The Object of My Affection
Director(s): Nicholas Hytner
Writer(s): Wendy Wasserstein
Reviewed by: Ian Evans on
Release Date(s)Apr 17, 1998 - Wide
Nicholas Hytner’s film The Object of My Affection tries to explore the fragile connections between love, sex, and friendship. Hytner asks, “What kind of love underpins a permanent relationship? How dependent is it on sexual passion?”
In The Object of My Affection, Jennifer Aniston plays Nina Borowski, a social worker who meets George Hanson (Paul Rudd) at a party and inadvertently informs him that his boyfriend, Dr. Joley, (Tim Daly) is about to dump him for a younger man. When the relationship does break up, Nina offers George a room in her apartment. That arrangement bothers Nina’s boyfriend Vince (John Pankow) who wonders why he can’t move in instead. When Nina becomes pregnant by Vince, she decides that she wants to raise the child with her best friend, and gay roommate, George. Though initially the arrangement looks like it will work well, Nina’s unrequited love for her roommate leads to a series of confrontations and questions that the two must answer for themselves.
The Object of My Affection tries to be a good picture but comes across as a little too light and inconsequential, which is inexplicable considering its pedigree. The director, Nicholas Hytner, is one of Britain’s most lauded theatre directors and earned four Academy Award® nominations for his film directorial debut, The Madness of King George. The writer, Wendy Wasserstein, won a Pulitzer Prize in 1989 for her play The Heidi Chronicles. Their material holds much promise, as all of the characters deal one way or another with unrequited love, but it feels dragged down or interrupted by needless “action” moments like a rollercoaster montage. Perhaps, given their backgrounds, the creators should have done it on stage, where needless scenes would have been excised and the focus would have been on discussion and self-exploration.
I did find all the acting to be quite good. It was great to see Jennifer Aniston stretching her acting legs outside the confines of the ensemble comedy of Friends, and she’s definitely in the lead for being the most lovable member of the Friends cast. I think she’s currently tied with Courteney Cox in the other Friends race: Who will have a film career after the show? Aniston, as Nina, is tender and sympathetic and there are moments when a mere flicker of her cheek or a look in her eyes conveys something much deeper. Jennifer Aniston has some excellent work ahead of her.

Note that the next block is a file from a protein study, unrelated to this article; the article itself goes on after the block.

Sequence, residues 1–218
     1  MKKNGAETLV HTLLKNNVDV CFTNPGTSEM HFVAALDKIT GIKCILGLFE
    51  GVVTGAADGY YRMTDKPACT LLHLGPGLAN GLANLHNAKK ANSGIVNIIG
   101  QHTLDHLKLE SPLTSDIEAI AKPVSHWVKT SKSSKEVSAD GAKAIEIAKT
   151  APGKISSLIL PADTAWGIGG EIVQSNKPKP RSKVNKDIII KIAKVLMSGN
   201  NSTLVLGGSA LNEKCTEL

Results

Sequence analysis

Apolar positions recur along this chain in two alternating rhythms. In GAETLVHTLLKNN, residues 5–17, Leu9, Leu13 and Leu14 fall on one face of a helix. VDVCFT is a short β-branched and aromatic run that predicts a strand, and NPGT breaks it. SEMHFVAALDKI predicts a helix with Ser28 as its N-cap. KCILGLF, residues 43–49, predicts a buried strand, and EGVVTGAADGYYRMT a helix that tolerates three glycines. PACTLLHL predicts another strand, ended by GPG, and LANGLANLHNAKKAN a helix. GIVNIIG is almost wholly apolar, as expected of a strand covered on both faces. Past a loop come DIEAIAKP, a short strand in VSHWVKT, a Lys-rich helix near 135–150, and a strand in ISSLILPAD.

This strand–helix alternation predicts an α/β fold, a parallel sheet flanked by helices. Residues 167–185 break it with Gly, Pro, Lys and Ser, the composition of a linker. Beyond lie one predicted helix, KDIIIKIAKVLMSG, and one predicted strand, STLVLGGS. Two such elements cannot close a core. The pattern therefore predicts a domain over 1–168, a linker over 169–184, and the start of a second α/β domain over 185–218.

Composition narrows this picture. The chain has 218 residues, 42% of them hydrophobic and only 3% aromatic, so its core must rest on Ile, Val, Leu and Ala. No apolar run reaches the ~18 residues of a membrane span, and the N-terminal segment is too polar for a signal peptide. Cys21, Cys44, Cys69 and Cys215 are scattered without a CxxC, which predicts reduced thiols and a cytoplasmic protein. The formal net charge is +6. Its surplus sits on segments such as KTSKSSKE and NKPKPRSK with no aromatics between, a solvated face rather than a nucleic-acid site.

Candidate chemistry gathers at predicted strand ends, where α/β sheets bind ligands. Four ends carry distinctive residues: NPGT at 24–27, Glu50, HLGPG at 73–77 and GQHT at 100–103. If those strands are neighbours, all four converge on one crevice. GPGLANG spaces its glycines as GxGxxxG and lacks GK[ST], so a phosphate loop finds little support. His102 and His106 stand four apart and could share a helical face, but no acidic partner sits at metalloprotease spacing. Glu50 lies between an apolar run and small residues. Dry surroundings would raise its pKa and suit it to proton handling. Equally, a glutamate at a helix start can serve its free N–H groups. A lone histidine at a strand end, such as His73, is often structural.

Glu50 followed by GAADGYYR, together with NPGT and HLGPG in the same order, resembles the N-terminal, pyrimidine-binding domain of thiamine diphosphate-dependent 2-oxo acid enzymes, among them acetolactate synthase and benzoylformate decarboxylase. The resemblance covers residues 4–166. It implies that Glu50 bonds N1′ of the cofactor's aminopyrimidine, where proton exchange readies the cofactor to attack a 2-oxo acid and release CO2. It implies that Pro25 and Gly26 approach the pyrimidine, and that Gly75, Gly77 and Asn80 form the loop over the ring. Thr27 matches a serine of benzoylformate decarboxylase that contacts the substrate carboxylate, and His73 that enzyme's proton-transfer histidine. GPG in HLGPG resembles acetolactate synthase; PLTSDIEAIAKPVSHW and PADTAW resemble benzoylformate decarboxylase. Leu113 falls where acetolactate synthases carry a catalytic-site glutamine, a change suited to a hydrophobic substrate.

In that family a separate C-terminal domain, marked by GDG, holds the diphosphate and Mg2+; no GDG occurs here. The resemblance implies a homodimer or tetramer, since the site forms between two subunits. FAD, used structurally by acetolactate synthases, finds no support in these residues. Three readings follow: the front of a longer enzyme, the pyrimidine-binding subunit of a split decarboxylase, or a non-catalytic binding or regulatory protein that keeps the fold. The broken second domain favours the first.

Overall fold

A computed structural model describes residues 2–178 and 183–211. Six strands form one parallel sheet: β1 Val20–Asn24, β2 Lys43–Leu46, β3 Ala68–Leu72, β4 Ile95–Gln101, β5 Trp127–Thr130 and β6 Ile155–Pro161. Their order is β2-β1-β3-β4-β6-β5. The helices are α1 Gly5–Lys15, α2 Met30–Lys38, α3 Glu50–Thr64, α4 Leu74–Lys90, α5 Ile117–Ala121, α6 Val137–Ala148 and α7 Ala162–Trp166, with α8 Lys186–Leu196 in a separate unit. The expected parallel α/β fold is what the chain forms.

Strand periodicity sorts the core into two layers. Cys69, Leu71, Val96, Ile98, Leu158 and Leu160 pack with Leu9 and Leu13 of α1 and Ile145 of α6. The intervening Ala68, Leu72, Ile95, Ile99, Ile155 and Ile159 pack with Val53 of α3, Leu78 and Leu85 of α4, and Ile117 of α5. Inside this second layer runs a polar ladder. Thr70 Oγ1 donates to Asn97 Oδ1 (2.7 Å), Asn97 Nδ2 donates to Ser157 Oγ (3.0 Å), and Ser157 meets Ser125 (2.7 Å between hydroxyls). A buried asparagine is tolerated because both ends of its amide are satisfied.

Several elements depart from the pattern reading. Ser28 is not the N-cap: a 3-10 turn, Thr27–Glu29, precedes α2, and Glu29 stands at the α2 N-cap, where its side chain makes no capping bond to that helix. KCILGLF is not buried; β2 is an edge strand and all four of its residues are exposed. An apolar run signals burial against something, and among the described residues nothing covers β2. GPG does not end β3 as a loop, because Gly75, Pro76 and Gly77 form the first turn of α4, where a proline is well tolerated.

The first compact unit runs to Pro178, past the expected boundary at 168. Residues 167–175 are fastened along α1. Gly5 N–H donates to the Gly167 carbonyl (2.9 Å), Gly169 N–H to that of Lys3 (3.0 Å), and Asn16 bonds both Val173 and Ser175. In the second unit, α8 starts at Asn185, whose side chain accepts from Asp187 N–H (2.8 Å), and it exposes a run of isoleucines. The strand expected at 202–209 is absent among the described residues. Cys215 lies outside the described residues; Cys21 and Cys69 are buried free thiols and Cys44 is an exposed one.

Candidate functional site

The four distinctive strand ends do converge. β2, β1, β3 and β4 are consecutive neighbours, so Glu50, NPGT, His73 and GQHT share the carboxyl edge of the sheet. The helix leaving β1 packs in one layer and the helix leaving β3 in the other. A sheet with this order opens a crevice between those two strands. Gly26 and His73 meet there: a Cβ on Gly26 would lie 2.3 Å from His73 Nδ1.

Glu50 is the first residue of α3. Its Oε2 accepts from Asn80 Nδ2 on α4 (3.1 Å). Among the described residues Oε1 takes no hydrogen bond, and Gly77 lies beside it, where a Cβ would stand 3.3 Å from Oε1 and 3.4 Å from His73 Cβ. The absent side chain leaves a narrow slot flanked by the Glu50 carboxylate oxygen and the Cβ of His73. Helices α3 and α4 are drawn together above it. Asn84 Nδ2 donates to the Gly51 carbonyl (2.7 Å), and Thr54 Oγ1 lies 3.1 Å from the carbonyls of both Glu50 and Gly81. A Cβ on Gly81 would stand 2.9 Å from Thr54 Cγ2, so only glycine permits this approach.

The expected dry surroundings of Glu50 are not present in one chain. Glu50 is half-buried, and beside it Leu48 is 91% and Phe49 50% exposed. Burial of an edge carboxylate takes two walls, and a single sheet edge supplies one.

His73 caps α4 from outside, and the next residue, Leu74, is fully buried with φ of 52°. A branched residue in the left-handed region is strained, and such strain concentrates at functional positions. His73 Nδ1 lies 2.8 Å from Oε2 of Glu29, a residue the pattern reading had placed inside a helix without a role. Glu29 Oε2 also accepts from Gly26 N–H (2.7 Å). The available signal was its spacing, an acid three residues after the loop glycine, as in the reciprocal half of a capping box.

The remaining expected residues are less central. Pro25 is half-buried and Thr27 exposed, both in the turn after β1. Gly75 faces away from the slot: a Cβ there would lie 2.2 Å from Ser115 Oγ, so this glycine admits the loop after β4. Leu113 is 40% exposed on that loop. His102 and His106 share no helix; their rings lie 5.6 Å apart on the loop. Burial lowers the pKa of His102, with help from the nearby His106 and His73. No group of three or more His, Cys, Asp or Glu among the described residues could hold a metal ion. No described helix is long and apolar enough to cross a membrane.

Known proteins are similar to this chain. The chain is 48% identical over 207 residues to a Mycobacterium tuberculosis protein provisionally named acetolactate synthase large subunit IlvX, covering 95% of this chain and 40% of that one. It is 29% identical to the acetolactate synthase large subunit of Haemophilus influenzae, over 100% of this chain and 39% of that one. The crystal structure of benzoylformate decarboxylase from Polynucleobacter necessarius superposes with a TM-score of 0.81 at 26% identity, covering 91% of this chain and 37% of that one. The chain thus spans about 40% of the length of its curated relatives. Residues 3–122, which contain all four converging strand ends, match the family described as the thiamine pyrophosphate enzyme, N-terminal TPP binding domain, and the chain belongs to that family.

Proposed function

Paul Rudd, who we’ve previously seen in Clueless, brings warmth to the role of George, Nina’s gay roommate, who seriously considers sharing a life of parenthood with Nina. Being a parent feels to him like a natural extension of the child-caring he provides as a teacher and his friendship with Nina only strengthens his choice, but that choice and its later testing seems too quickly made as if we were watching the typical world-is-ending-no-it’s-not storyline of your average family sitcom. His portrayal of the homosexual roommate is not in the least bit stereotypical. As director Hytner said, “…sexuality, in the sense of sexual preference, isn’t a problem at all, at least for the gay characters. There are no limp wrists and no slit wrists.”
The supporting cast is uneven. John Pankow, who’s great as Cousin Ira on Mad About You, portrays Vince, the father of Nina’s unborn child. His character is torn between the understanding you would expect from a civil liberties lawyer out to do good and the pain and anger of a boyfriend/father who won’t be fully sharing the child’s upbringing. But you look at Vince and Nina onscreen and understand why she doesn’t want to raise a child with him: there’s no chemistry. Alan Alda is funny in his role as Nina’s brother-in-law, a maverick literary agent named Sidney who clashes with his wife (Allison Janney) as she tries to improve Nina’s position in society, but his character seems to have walked on from the set of a neighboring Woody Allen film after making the wrong turn. Nigel Hawthorne does very good work here as an acerbic theatre critic who helps Nina open her eyes to the truth around her, and he too seems to have come from another film. Unfortunately he comes from the version of The Object of My Affection that might have been, and we wish that the film could have delivered the goods that his performance teases us with.
Again, this film won’t wow people with box-office numbers or nominations come awards time. At times it seems it would have been a better TV movie than a theatrical release. I think it will do well in the rental market and some people will see it in the theatres because of Jennifer Aniston’s popularity. Will you remember it a month after seeing it? Probably not.